I’ve known rivers:
I’ve known rivers ancient as the world and older than the
flow of human blood in human veins.
My soul has grown deep like the rivers.
I bathed in the Euphrates when dawns were young.
I built my hut near the Congo and it lulled me to sleep.
I looked upon the Nile and raised the pyramids above it.
I heard the singing of the Mississippi when Abe Lincoln
went down to New Orleans, and I’ve seen its muddy
bosom turn all golden in the sunset.
I’ve known rivers:
Ancient, dusky rivers.
My soul has grown deep like the rivers.
While Hughes would one day travel widely and eventually spend significant time in France, Haiti, the former Soviet Union, Netherlands, and Africa, when he wrote this poem he was emerging from a distinctly Midwestern childhood. He was born in Joplin, Missouri, and raised in various places in Kansas, Illinois, and Ohio. He would move to New York City (the city with which he would come to be associated) to attend Columbia University the year after writing this poem, but at the moment of its composition, it was the landscape of the Midwest that he knew best. Yet this poem declares itself to be spoken by someone whose knowledge is as ancient as the rivers of which he speaks. In other words, this is an old “Negro,” someone returned from a journey (or many journeys) around the world, someone whose soul has had time to “grow deep as the rivers” that he has known intimately. This is not, in other words, the story of a teenager just setting out on a journey across the middle of America.
As I contemplated this seeming disjunction between Hughes the teenage poet and his aged, wise, Negro speaker, I found myself stuck in Hughes’s story of the poem’s composition. While Hughes tells the story with much certainty — that, at the moment of the poem’s inspiration, he is just outside of St. Louis, crossing the Mississippi as he heads towards Mexico — when we look at it more closely, certain questions arise. Could one actually travel by train from St. Louis to Mexico in 1920? If so, what route would one take — would Hughes, for example, have been pulling out of St. Louis or pulling into it when he wrote the poem? And on which side of the Mississippi would he be traveling as he made his way down to Mexico? Because Hughes himself makes so much out of this romantic scene of his teenage self writing the poem, I couldn’t help, while writing this column, but at least try to answer these questions. If I could figure out exactly where Hughes was, maybe I would understand the poem better.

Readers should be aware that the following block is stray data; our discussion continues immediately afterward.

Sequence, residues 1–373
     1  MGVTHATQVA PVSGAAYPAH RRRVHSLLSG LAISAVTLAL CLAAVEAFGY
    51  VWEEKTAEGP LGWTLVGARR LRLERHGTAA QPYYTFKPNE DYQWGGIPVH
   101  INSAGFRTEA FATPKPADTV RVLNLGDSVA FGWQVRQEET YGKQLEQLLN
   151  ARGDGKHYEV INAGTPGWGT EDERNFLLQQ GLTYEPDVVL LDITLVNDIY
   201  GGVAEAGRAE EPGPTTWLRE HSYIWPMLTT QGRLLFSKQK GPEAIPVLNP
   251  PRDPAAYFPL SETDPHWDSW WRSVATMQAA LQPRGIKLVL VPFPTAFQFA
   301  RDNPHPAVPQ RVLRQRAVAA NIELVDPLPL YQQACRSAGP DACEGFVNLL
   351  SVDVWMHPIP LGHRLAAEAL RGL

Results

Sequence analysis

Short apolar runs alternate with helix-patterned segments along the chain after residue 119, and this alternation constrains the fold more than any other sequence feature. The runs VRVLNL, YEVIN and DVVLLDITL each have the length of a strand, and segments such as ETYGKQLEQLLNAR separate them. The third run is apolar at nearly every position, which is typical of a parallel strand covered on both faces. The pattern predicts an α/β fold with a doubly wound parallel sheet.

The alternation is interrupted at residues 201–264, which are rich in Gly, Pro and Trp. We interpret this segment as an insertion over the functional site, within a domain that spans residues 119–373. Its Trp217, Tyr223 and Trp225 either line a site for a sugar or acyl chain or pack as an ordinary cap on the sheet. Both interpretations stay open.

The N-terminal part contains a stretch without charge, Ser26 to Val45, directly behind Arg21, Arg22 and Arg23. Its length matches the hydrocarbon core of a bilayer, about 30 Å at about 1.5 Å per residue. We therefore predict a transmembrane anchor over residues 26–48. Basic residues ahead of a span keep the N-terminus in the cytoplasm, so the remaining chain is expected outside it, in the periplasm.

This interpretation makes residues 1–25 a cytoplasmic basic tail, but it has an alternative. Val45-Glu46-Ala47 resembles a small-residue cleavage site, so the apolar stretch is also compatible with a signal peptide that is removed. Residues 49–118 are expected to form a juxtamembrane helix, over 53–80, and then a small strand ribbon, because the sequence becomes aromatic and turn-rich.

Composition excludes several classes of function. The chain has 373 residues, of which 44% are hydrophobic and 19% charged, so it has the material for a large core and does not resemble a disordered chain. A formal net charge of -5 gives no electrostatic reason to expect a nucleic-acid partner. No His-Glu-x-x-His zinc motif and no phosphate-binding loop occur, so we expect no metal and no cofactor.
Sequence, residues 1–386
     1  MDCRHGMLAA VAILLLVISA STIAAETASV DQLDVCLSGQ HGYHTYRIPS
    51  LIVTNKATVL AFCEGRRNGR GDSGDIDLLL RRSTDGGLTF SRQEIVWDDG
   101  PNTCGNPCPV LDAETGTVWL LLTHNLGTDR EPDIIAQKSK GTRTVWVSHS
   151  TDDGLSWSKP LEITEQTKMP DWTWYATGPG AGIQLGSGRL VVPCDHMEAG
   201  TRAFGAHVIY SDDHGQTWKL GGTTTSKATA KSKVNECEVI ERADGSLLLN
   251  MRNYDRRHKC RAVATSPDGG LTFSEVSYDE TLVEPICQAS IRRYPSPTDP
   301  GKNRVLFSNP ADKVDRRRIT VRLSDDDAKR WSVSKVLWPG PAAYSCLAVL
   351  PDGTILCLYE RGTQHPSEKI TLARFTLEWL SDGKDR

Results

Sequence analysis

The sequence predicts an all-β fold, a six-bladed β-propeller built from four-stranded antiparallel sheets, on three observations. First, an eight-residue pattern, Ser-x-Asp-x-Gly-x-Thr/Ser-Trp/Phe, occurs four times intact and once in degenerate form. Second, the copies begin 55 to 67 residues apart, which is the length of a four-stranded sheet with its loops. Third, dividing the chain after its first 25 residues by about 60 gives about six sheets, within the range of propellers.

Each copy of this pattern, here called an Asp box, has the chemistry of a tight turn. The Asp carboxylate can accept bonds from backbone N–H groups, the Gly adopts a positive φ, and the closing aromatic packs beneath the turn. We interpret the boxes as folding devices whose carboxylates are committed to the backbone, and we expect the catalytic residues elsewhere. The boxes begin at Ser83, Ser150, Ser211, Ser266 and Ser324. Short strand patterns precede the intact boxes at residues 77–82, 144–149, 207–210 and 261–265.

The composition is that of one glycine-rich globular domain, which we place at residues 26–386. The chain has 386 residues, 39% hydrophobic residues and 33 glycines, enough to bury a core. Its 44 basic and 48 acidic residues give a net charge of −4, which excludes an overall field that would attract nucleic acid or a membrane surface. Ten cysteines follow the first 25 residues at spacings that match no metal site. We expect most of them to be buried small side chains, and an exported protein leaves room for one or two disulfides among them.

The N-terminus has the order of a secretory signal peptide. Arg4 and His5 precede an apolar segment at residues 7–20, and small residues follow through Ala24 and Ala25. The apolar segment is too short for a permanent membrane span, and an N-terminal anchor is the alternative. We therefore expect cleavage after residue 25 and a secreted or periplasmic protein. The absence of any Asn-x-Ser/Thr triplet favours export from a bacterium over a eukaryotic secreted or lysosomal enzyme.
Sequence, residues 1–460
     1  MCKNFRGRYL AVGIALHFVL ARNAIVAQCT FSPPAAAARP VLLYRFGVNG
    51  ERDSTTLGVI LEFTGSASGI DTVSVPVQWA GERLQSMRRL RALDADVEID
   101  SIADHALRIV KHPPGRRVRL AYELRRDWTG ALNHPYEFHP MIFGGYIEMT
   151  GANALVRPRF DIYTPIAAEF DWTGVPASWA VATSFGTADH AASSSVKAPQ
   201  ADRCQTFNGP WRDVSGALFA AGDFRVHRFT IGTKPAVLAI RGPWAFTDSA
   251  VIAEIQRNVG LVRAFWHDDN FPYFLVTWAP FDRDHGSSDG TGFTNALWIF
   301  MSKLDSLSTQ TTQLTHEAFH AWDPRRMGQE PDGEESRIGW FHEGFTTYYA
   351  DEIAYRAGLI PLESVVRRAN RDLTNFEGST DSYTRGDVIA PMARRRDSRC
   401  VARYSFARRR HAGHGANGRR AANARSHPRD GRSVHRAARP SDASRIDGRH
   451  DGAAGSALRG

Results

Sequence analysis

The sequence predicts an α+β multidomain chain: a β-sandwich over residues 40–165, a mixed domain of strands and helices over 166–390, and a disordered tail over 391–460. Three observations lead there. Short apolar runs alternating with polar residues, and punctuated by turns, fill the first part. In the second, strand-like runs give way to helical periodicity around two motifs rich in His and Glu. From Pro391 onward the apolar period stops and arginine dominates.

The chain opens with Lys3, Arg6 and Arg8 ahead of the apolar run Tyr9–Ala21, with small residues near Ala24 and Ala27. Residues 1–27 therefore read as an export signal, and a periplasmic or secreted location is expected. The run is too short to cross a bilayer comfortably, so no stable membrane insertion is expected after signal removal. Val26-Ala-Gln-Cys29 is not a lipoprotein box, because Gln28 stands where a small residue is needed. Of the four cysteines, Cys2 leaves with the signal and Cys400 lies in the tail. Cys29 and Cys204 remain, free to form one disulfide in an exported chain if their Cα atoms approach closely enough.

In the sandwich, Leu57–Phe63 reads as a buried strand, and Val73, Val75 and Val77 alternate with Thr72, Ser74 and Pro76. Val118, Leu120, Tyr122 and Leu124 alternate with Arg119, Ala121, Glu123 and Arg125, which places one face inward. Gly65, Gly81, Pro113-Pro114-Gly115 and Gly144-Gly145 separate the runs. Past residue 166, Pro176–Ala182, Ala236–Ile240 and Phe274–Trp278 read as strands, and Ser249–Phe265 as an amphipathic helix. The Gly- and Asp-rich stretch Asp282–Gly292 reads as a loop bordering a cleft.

Maybe unsurprisingly, no book or article on Langston Hughes that I consulted (and I read many of them!) could tell me the route that Hughes traveled to Mexico. By now, his story is famous, but it turns out that, in our repetition of it, we have totally overlooked its details. Although I had moments when I wanted to give up on what seemed like a wild goose chase for information that might not affect my reading of this poem in the slightest, I stuck with it, as I have a good amount of experience trying to figure out the most obscure facts about poems and their poets. (I once spent the better part of a week trying to figure out how coconuts made their way into Emily Dickinson’s home in the 1860s. This puzzle remains unsolved.)
Success came from the most unlikely of sources: an undergraduate student. Well, actually, her father. One day a few weeks ago, we were talking about this poem in my “Introduction to American Literature” course, when I decided to tell my class that I had become interested in Hughes’s little story about train travel. When I expressed a kind of mild frustration that I might never figure out how he actually got from point A to point B, this particular student asked me if she could text her dad, since she was sure he would know. Off went her text and I didn’t give it another thought until that afternoon when I received multiple emails from a man I didn’t know. One of them included the train schedule for the Missouri Pacific Lines.
This particular schedule was from 1966, although my source from the railroad says that this line, which is now no longer in use, was up and running in 1920. If Hughes’s facts are in fact correct and he has not misremembered the details of that day, then, in all likelihood, he was just concluding the first leg of his trip (the 560 miles from Cleveland to St. Louis), and was crossing over the Mississippi on either the MacArthur or the Merchants Bridge, just before landing in Union Station and boarding the next train. That next train would take him through, among other places, Bismarck, Poplar Bluff, Little Rock, and Texarkana, keeping him far west of the Mississippi for the rest of his journey south.